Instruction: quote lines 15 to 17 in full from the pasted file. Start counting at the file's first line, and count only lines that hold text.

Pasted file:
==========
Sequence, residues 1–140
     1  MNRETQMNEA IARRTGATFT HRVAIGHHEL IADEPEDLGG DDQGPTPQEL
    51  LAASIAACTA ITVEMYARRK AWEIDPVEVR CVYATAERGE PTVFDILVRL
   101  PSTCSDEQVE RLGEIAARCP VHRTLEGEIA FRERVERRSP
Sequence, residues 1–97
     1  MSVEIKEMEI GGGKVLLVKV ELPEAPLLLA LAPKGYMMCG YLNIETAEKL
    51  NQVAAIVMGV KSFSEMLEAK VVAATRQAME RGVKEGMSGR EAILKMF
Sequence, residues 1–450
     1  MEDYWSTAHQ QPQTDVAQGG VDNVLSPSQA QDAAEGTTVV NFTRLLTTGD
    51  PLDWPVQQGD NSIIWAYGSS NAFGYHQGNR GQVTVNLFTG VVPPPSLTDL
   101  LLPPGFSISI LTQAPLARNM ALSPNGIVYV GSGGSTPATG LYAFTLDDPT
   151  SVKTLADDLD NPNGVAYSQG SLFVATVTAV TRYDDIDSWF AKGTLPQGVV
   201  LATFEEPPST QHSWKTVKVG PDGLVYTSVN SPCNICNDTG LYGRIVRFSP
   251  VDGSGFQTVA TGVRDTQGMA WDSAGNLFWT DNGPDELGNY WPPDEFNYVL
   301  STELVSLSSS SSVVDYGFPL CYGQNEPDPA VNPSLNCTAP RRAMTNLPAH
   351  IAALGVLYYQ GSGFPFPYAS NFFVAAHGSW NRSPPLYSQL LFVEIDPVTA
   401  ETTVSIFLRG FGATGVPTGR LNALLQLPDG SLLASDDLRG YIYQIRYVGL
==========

   301  STELVSLSSS SSVVDYGFPL CYGQNEPDPA VNPSLNCTAP RRAMTNLPAH
   351  IAALGVLYYQ GSGFPFPYAS NFFVAAHGSW NRSPPLYSQL LFVEIDPVTA
   401  ETTVSIFLRG FGATGVPTGR LNALLQLPDG SLLASDDLRG YIYQIRYVGL